It's not entirely fair to lambaste moveabletype, they are still offering a non-commercial version of limited capability.

    A few weeks ago, when I was evaluating CMS systems, I came across moveable-type, and their lack of a free license is what turned me off. The system that most impressed me was PHPNuke.

    My biggest complaint about most of these CMS's are the big holes in documentation.

    </rant>
  • Geeklog (Score:3, Informative)

    by broller (74249) on Friday May 14, 2004 @11:00AM (#9151492)
    I was a Movable Type user, but with my latest ISP change I ditched MT for Geeklog [geeklog.net]. Geeklog is really cool, and nicely integrates with Gallery [menalto.com] which I use for images. Both are Open Source and free, so the decision was easy.
  • by heyitsme (472683) on Friday May 14, 2004 @11:03AM (#9151509) Homepage
    A great article over at the other site:

    http://www.kuro5hin.org/story/2004/2/2/171117/88 23
  • Re:Oh really now (Score:5, Informative)

    by Eezy Bordone (645987) on Friday May 14, 2004 @11:03AM (#9151514) Homepage
    There is a v3 free version for a single author/single blog, this is crippled from their current free version. My current setup wouldn't be able to use the v3 free version, I have two blogs (one is a sub-blog for book reviews) and host two blogs for friends, so have a total of 3 authors. The free version doesn't officially support this. If the Trott's are *wink-wink-nudge-nudging* that people with my type of setup can still run their free software they shouldn't have written their license to specifically forbid it.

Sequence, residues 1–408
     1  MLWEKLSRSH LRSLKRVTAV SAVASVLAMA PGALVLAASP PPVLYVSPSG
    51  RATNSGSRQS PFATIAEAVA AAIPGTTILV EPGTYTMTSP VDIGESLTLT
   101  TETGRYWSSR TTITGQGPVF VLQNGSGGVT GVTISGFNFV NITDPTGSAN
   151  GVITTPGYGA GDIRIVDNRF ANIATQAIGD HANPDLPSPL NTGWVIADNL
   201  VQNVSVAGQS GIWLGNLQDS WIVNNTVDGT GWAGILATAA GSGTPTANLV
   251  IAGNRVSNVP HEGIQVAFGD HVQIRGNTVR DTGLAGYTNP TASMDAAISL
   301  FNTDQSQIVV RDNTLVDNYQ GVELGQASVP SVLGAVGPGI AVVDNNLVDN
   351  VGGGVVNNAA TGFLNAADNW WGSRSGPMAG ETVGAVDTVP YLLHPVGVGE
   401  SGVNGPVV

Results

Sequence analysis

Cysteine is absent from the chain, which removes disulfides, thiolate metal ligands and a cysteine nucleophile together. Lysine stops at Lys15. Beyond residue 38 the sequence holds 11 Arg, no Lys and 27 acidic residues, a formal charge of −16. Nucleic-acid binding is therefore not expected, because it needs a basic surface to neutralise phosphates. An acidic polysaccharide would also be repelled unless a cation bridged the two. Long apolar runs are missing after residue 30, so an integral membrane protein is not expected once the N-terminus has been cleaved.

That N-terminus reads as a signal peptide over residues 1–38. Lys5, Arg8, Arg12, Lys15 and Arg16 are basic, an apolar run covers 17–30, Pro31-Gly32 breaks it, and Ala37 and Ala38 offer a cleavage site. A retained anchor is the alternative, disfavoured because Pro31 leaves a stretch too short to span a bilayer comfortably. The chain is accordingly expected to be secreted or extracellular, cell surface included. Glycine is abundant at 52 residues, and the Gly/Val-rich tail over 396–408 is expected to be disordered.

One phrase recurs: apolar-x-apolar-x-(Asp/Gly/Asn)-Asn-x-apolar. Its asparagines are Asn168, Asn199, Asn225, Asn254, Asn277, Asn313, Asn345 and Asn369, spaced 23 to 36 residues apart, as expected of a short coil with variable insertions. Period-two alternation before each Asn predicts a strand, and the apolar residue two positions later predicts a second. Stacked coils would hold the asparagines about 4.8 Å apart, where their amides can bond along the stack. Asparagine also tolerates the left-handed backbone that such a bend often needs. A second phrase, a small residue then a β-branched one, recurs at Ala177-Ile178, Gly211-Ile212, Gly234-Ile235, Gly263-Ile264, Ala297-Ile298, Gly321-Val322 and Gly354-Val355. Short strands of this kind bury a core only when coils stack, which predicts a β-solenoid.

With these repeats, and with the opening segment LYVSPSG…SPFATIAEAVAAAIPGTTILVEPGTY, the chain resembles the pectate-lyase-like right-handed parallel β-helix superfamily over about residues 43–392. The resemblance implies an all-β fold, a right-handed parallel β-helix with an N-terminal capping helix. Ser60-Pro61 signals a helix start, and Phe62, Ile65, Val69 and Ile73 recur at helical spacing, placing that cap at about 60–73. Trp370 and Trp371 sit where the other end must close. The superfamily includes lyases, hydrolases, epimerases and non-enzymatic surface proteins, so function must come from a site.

That said, it's obvious to anyone with a pair of brain celss that this pricing structure is to make their Typepad service [typepad.com] more attractive for casual bloggers and non-techies. If you you're willing to get your elbows dirty you can run a blog on your own machine from home with the free version.

  • by Anonymous Coward on Friday May 14, 2004 @11:04AM (#9151528)
    I disagree. I think everyone really wants free as in speech, but thinks free as in beer is the same thing. Real world objects don't come with complex licenses. We've grown up in a world where both "free"s are the same, so few people really understand how and why software is different. I still don't understand why it's different or at least why we accept it that way.
  • mod down (Score:2, Informative)

    by SethJohnson (112166) on Friday May 14, 2004 @11:12AM (#9151619) Homepage Journal


    This poster makes incorrect assumptions based on total lack of knowledge of the topic.